Claire wakes up on a couch. She momentarily disoriented because it’s not quite as comfortable as the ones in Ravenclaw. It’s probably from CB2. Joe’s there, telling her that he’s going to kill her later on, once Ryan gets there. “Waiting for Ryan,” says Claire. “That’s what the play based on my life should be called. Get it, Joe? I just made a Beckett joke.” “Who is this Beckett person?” asks Joe, “I don’t recall Poe ever writing a book about a Beckett.”
He locks Claire in a bedroom with the owner of the house, Neil, whose ankle Joe broke. Neil tries to get the window open, but Claire tells him he needs to rest. He’s like, “Lady, we need to get you out of here so you can go get help.” Welcome to our world, Neil. You’re going to be very tired here. Joe comes in and brings Claire back to the living room, even though he just told her he didn’t want to talk to her anymore. That knife wound is making him indecisive. Good thing it’s magically healing at a nice pace.
Joe asks Claire if she always knew he was a killer. She says no because she was blinded by brilliance. She calls him a bad writer but maintains that he was an amazing teacher. What is with this show and its agenda when it comes to convincing us that Joe’s a natural leader? Has the staff only seen the movie Dead Poet’s Society? He tells her that he doesn’t want her to feel guilty because of all the women he killed, that there was nothing she could’ve done to stop it. It’s basically the same speech Parker gave Hardy, except in this case Joe has a stronger case. Claire starts to sob and says she does feel guilty. Joe is mortified. He’s pissed that Claire is trying to take credit for the stuff that he did. He drags Neil from the bedroom and stabs him to death.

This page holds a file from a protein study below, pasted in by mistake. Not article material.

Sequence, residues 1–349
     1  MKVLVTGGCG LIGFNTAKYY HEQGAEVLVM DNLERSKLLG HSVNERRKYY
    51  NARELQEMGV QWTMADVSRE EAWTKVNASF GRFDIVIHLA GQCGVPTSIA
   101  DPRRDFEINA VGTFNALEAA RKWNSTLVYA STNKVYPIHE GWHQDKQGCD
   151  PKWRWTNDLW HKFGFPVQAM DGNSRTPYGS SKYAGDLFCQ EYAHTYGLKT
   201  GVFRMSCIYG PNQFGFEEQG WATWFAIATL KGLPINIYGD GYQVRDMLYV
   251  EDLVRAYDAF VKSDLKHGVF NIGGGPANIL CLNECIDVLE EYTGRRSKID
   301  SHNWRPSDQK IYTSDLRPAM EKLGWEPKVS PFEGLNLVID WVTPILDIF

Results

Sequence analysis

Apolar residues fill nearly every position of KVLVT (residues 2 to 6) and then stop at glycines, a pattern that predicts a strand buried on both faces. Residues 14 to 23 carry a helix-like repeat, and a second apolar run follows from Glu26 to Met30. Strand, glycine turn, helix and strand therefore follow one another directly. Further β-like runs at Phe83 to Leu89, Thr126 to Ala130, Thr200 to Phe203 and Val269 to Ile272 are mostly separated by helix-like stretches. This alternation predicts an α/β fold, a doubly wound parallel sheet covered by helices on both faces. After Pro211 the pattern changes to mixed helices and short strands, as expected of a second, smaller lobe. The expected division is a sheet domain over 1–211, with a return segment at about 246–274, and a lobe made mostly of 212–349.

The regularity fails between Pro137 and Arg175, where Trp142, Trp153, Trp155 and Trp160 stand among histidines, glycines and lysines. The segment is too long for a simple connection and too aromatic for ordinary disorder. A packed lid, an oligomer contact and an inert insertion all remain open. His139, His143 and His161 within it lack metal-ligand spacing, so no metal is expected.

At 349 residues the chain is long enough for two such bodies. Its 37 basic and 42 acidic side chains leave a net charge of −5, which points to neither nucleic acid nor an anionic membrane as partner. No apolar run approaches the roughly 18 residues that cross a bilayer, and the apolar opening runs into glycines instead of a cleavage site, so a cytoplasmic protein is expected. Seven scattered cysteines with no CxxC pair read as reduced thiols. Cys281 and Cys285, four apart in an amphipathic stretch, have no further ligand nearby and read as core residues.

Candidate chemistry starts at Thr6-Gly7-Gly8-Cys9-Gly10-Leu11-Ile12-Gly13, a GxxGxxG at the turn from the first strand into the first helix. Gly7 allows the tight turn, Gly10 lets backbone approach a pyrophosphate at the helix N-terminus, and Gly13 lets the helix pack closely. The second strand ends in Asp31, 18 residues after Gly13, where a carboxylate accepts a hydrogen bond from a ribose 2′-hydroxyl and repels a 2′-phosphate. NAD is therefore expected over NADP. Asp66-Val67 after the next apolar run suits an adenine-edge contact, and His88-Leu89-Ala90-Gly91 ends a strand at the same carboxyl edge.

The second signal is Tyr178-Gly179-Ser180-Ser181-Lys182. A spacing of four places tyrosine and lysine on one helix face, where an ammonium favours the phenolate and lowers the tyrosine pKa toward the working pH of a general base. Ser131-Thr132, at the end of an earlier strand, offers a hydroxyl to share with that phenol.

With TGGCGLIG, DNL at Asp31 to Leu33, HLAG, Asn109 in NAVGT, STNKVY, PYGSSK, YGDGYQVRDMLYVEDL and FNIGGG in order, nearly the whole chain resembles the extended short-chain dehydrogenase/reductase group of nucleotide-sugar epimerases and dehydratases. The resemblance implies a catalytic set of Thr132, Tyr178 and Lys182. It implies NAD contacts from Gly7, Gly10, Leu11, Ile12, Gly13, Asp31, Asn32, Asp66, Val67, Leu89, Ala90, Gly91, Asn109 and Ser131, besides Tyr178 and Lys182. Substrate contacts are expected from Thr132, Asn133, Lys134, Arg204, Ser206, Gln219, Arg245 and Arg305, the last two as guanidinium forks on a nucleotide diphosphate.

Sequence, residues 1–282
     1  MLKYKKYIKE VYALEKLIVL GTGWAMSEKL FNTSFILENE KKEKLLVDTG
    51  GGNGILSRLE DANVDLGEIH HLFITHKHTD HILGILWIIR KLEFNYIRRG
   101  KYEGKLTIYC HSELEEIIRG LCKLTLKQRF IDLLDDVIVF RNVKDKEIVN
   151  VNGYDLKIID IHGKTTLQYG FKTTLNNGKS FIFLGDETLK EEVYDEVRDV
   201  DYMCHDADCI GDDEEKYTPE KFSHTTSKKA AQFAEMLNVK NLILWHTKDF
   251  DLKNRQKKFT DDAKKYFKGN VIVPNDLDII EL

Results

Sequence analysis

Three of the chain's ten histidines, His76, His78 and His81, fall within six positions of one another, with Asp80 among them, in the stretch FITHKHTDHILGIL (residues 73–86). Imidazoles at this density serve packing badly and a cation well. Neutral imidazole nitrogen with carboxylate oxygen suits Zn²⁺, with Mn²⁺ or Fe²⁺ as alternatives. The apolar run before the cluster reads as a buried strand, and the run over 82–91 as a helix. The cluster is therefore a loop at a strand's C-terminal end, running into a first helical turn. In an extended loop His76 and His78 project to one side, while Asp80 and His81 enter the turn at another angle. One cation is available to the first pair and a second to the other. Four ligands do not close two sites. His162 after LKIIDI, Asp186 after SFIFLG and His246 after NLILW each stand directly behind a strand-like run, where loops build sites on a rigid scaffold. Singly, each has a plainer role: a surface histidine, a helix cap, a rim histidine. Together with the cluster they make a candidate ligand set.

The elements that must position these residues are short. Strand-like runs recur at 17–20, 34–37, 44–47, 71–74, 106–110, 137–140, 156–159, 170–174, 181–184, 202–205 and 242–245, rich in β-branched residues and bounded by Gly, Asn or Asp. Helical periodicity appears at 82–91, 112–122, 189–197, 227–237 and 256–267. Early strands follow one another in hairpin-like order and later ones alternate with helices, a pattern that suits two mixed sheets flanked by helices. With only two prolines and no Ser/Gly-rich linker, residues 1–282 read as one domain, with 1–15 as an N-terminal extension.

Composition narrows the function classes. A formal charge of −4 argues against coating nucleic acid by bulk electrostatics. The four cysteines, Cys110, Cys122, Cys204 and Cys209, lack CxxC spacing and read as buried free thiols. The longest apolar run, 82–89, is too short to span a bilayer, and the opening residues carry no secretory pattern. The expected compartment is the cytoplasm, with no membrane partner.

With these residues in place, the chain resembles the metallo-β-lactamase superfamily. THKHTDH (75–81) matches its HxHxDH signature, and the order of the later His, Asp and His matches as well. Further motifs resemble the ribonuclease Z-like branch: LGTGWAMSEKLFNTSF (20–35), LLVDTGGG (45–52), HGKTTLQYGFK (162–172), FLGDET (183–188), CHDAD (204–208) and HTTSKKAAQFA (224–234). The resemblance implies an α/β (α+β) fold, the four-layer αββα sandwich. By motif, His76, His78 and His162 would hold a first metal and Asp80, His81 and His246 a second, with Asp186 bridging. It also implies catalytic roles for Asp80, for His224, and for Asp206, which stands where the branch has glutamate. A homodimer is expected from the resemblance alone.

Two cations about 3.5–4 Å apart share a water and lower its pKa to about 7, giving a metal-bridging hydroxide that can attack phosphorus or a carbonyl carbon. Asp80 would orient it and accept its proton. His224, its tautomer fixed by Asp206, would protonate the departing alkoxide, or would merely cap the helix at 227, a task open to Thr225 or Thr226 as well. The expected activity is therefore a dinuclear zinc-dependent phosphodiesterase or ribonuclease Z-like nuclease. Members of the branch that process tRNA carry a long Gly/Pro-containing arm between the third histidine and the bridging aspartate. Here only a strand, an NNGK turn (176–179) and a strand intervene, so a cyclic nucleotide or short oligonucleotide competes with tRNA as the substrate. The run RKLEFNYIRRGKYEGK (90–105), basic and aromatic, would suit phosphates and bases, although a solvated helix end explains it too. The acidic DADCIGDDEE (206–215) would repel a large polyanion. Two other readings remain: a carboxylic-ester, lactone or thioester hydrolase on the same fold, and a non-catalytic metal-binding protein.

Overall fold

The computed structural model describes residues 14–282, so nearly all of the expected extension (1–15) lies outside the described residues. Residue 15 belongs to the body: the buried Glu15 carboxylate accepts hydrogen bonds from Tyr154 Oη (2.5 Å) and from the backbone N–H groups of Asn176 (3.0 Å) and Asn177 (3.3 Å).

Hardy shows up to where the book tells him. Emma is there, looking way too pleased with herself considering everything has gone to hell. Hardy tosses his gun and cell phone and gets into Emma’s car. They drive to the lighthouse, where Joe promptly props up Hardy and sits him opposite Claire. How these two are able to still be attracted to each other is beyond me. The number of times and extent to which both of them have botched this whole situation up is staggering. I mean, half an hour before, Hardy was surrounded by cops with guns. Now he’s willingly allowed himself to become disarmed and captured. I guess he’s relying on his quick wit to get him out of this one. If only he’s able to withstand Joe’s charisma, the greatest weapon of them all.
All season long, Joe’s been rambling about his final chapter, and now it’s here. Everything he’s done — the recruiting, the kidnapping of Joey, the jail break, the home furnishing, the pool playing, the formulating of a plan that involved heterosexual men pretending to be gay for three years — has been so he could ask Hardy a single question: When did he fall in love with Claire? Hardy shrugs and is like, “All right.” I mean, it’s not exactly the greatest “how we met” story ever told. Hardy suspected Joe of being the killer, so he started following Claire in order to get to Joe. “And then you fell in love with her,” says Joe. Well, if you already knew the answer, why did you put us all through this? This show!
Joe grabs an ice pick and is about to kill Claire. Hardy says he doesn’t have to do it, but then Joe starts going on about the death curse thing again. Hardy says it’s too predictable for Joe to kill Claire, and I agree, except the word he should be using is repetitive. If Joe’s trying to convince us that Hardy causes everyone around him to die, we already got that message. It came in a text that the Tech Lady sent us that said, “Hardy’s death curse is real. Wanna hang out later? YOLO! (unless you’re friends with Hardy, in which case you only die once. LOL.)”